U.S. hiring far exceeds expectations
The U.S. economy, which had been showing signs of being dragged down by a slumping housing market, could be getting fresh legs from a robust job market and falling unemployment.
A surprisingly strong government report Friday showed that the economy added a net 180,000 jobs in March while the jobless rate drew even with its lowest point in six years. Analysts said growth in hiring and wages could keep consumers confident enough to continue spending even though the housing market has slowed and some borrowers have had trouble making mortgage payments.
That’s particularly good news for Southern California, where a strong job market reduces the chances of a repeat of the early 1990s, when massive layoffs, primarily in the aerospace industry, caused thousands to lose their homes and converted a housing slump into a deep recession whose damage lasted for years.
Analysts have debated for months whether the housing market -- aggravated by the sub-prime mortgage market meltdown -- will do now to the nation what it did 15 years ago to Southern California. Those who have said it won’t found validation in Friday’s jobs report.
“The latest job numbers show an economy that is effectively absorbing the blows from the residential and mortgage sectors,” said Bernard Baumohl, managing director of the Economic Outlook Group. “The economic outlook is quite bright, and the probability of recession still stands at a negligible 20%.”
“A strong jobs market will keep us growing,” added Nigel Gault, U.S. economist for research firm Global Insight. “Housing alone won’t tip us into recession.”
Gault said the jobs report was particularly encouraging because it showed that the business sector, which has cut back on spending for plant and equipment, was still willing to pay for workers.
Faced with Friday’s report, many investors abandoned any expectations of an interest rate cut by the Federal Reserve in the near future to keep the economy from capsizing.
Until Friday, Global Insight had looked for one rate cut by the Fed before year-end. On Friday, Gault said the jobs report “gives no reason for the Fed to do anything but stick with its extended hold on interest rates.”
As a result, bond interest rates rose sharply. The yield on a two-year Treasury note closed at 4.75%, up from 4.62% the day before. The stock markets were closed for Good Friday, but equity futures prices rose after the report’s release.
The 180,000 jobs gained last month, the biggest increase in three months, handily beat the 130,000 expected by the consensus forecast of private economists. The unemployment rate slid by one-tenth of a point to 4.4%, equaling its recent low of last October. Joblessness hasn’t been lower since May 2001, just before the last recession.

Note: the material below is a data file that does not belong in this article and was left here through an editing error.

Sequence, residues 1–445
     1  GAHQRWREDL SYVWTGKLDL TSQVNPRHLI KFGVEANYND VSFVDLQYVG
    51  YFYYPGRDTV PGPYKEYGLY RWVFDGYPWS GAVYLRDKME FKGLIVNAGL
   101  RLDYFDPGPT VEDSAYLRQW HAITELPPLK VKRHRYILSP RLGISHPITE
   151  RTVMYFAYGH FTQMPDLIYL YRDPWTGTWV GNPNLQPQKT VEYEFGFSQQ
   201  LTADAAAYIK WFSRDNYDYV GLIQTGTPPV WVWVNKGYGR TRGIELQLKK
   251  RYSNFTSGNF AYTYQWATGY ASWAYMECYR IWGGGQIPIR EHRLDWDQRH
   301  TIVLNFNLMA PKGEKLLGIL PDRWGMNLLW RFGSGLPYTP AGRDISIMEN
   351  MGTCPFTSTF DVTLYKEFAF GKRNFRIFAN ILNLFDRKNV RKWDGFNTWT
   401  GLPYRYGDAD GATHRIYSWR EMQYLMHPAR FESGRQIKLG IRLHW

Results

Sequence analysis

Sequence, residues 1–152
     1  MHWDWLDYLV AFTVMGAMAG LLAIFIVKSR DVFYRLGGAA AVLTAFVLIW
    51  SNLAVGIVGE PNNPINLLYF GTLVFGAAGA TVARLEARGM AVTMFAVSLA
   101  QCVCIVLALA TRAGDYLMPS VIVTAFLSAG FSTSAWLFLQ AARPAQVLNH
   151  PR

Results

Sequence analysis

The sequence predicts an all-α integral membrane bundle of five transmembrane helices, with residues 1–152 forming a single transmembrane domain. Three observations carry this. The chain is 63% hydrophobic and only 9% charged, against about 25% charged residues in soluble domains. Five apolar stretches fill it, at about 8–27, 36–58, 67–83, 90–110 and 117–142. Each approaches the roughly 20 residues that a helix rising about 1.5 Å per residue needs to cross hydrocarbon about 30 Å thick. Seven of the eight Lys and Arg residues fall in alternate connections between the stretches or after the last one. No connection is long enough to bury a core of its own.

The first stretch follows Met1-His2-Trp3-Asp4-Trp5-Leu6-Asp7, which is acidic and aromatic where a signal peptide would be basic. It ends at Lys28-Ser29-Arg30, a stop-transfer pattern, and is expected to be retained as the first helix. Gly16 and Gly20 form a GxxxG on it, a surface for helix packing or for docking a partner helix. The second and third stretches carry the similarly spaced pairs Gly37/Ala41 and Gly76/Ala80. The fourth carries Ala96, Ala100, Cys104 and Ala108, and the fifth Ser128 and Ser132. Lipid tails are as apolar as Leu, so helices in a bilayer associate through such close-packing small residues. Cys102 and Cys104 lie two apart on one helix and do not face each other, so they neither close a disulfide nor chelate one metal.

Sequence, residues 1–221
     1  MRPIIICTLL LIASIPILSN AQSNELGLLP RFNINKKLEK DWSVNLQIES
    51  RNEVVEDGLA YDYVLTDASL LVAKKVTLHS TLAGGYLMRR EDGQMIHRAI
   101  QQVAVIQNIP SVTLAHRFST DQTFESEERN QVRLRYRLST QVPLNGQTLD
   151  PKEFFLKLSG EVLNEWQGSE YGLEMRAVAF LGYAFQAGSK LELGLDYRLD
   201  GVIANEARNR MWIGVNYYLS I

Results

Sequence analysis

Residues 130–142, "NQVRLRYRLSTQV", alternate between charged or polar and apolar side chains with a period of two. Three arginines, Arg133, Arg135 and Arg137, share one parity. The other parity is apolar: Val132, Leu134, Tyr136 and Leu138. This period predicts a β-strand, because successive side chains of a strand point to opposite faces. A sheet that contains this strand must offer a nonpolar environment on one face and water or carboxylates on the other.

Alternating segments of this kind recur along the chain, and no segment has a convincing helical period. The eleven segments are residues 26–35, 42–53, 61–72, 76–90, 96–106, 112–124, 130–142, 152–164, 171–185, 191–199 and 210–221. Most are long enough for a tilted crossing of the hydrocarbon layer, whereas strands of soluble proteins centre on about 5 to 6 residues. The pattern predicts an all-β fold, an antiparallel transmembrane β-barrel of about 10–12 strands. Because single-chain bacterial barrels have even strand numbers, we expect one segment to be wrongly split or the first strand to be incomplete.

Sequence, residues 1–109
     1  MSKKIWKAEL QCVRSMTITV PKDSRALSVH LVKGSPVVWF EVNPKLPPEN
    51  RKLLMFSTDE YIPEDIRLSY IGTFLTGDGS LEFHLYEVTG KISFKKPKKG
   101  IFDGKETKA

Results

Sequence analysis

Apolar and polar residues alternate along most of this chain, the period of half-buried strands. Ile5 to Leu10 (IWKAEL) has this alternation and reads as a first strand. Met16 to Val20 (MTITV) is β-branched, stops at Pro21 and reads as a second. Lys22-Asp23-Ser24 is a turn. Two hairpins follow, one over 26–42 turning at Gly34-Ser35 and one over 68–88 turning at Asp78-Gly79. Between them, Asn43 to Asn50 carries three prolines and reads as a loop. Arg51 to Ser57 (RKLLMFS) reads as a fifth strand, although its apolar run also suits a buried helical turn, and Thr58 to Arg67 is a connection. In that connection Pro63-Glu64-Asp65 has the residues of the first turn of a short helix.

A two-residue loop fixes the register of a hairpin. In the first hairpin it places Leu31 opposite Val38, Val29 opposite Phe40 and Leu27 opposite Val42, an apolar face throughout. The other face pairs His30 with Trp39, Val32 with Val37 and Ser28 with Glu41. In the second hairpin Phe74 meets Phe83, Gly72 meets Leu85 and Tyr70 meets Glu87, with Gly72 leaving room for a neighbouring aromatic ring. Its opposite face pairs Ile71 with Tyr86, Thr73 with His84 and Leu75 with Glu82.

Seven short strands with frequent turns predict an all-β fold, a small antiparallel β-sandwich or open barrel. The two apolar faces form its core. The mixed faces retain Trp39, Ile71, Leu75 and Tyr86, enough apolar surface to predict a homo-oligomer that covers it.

Construction accounted for 56,000 jobs, or nearly one-third of March’s increase. Analysts were unsure whether that indicated the beginning of the end of the housing industry’s troubles or whether it was merely a rebound from February, when cold weather over much of the country helped send construction jobs down 61,000.
Manufacturing maintained its relentless march downward. Its March loss of 16,000 jobs marked its ninth straight month of going the wrong way. Manufacturing now accounts for barely more than 1 job in 10.
The Labor Department also revised upward by 32,000 the number of jobs added in January and February.
Jared Bernstein, an economist with the liberal Economic Policy Institute, remained unimpressed with overall job creation during the current economic expansion. It was only about four years into the last recovery that total employment reached its prerecession peak, he said. Monthly job growth of 180,000 would have been considered sub-par in the booming economy of the late 1990s.
Now, six years later, 4% more Americans are employed than at the beginning of the recession, according to Bernstein. If job growth had followed the path of the previous cycle, when employment had risen by 9% at this stage, 7 million more Americans would have jobs, he said.
Wages, which initially lagged behind job growth as the economy recovered from its 2001 recession, continued their more recent growth -- good news for workers but not so good for inflation prospects.
Average hourly earnings of production workers increased by 6 cents to $17.22, and weekly earnings rose by $3.75 to $583.76. Over the last year, hourly earnings have risen by 4% and weekly earnings by 4.4%.
Thus, earnings are rising faster than price inflation, which, excluding food and energy, rose 2.4% in the most recent 12 months.